B.A. Economics, cum laude: University of Colorado 1983
J.D. University of Houston Law Center, 1988
29-year practicing trial attorney who has tried 33 jury trials and handled over 38 appeals, including to the Texas Supreme Court. I was also the appointed Judge of the 61st District Court from 2015-2016.
Former PTA/PTO Volunteer and officer for my children's HISD schools, former Girl Scout leader and trainer for 13 years, current HBA board member and volunteer on numerous committees providing public service.
I will make sure that all parties have timely and correct notice and opportunity to be heard before the Court. As the former Judge of the 61st District Court, I made sure that everyone was present and able to have their say before considering any dispositive motions, and would reset cases when people needed additional time to retain counsel or just additional time to respond to motions or to go to trial. I also made sure that if pro se litigants were considering obtaining counsel, they were given time to do so. Finally, at hearings I always asked the attorneys and litigants if they had any additional arguments to make or briefing to file and would wait until all additional information was submitted before making any rulings.
I have never considered the existence or non-existence of campaign contributions when ruling on any cases in my previous court; and neither would I do so in the 189th. The truth is that it is very hard to remember which lawyers belong to which firms and since most judicial contributions are from law firms, I never kept track of who had donated to my campaign when they were appearing in front of me in Court, and nor would I do so in the future. It is unfortunate that we have to solicit money from the lawyers and law firms who appear in front of us, but that is the only avenue of fundraising available.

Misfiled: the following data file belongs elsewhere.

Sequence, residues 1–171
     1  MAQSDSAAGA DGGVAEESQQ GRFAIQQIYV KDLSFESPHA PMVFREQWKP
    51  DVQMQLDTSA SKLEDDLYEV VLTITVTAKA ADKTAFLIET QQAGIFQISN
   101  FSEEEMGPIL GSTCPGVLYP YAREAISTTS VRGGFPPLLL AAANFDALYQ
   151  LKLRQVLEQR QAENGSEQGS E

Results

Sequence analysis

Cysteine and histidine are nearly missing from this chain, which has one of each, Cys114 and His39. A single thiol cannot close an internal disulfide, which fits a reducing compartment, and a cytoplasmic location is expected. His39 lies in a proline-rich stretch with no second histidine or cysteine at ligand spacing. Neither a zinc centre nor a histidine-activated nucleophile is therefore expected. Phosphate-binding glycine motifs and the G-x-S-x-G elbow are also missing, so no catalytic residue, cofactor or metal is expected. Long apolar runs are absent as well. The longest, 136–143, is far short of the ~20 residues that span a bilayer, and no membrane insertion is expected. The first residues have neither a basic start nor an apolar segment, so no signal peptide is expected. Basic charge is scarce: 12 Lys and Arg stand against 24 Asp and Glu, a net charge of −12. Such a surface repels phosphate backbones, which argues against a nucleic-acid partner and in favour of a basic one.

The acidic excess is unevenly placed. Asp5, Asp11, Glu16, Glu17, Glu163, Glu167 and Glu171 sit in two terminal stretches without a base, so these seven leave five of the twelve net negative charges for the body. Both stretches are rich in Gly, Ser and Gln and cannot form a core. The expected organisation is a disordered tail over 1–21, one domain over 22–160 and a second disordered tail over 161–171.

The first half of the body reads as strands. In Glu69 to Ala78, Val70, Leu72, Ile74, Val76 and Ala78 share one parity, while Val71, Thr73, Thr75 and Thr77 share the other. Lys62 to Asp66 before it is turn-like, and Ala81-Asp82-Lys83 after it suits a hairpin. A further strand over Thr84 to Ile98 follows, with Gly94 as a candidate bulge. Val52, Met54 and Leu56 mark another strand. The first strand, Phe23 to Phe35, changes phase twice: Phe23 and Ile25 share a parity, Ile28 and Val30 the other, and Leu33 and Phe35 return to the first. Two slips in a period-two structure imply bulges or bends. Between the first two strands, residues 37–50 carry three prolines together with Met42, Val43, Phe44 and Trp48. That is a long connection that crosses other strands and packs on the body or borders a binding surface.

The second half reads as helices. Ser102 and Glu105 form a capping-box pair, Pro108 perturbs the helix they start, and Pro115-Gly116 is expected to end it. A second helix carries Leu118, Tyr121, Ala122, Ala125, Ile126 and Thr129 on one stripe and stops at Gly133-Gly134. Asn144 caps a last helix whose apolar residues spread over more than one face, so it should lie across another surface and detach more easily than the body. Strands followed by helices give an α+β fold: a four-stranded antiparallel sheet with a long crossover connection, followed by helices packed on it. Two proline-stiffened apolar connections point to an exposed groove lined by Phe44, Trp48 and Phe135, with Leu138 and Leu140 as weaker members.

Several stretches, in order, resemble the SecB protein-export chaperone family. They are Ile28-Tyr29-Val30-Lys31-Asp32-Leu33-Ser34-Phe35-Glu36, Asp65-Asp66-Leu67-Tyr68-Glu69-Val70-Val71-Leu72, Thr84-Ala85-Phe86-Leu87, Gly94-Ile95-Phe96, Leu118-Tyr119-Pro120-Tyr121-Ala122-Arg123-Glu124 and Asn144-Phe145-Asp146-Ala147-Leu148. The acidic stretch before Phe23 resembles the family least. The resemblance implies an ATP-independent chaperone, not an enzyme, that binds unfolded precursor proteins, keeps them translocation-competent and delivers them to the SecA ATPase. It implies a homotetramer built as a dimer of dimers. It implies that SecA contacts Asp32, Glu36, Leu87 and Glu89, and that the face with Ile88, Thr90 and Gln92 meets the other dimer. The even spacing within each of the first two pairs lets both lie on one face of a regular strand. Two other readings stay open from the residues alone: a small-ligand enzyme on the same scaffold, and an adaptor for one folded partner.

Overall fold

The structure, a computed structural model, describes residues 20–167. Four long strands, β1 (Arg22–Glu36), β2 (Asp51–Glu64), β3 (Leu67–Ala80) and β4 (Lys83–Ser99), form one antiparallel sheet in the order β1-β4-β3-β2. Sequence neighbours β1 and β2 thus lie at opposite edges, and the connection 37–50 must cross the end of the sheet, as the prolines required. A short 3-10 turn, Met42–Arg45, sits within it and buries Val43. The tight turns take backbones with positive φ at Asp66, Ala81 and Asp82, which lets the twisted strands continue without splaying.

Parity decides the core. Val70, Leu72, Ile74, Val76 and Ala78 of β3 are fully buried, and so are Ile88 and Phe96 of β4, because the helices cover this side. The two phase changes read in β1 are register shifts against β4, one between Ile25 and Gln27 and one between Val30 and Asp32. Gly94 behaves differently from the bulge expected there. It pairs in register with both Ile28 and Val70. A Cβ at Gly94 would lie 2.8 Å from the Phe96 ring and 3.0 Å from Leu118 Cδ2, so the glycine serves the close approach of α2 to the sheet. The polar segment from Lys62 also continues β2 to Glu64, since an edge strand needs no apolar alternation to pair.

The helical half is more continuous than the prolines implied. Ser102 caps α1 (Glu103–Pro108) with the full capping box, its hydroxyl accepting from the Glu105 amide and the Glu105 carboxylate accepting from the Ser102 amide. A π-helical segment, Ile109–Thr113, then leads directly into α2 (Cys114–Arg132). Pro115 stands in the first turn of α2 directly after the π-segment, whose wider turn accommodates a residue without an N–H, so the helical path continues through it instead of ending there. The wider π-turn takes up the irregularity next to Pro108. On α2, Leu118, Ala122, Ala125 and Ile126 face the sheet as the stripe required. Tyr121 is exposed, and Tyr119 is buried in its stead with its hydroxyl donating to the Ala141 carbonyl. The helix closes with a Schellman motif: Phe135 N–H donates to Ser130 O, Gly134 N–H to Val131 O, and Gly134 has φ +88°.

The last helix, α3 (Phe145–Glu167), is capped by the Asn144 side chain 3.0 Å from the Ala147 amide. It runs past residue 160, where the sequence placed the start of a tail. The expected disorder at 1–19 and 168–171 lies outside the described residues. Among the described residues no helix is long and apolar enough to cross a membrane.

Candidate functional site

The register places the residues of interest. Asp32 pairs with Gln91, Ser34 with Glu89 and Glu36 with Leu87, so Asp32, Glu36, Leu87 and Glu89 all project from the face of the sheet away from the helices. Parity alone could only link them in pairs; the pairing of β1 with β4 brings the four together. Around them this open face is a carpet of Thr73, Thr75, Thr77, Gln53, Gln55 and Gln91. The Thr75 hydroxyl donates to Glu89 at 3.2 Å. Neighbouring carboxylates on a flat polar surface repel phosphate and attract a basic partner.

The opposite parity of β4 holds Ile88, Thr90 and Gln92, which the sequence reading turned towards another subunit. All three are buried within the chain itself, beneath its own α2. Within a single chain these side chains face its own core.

As Judge of the 61st District Court, I made sure that docket control deadlines were complied with by the lawyers and moved cases to trial as quickly as possible. I also would hold emergency telephonic hearings and in person emergency hearings to move those cases along when the parties could not agree on issues. Those practices would be continued in the 189th District Court. I would also make sure that I did not waste jurors' time by dealing with the legal issues in a trial both early before court, or after 5pm when the jurors went home. It is not fair to jurors to keep them waiting while the lawyers argue legal issues to the Court. I also would work to move cases along efficiently and quickly, to minimize the strain on jurors in my court. Finally, it is important to be flexible and work with the parties to accommodate witnesses and parties when presiding over a jury trial. I would continue all of those practices as Judge of the 189th.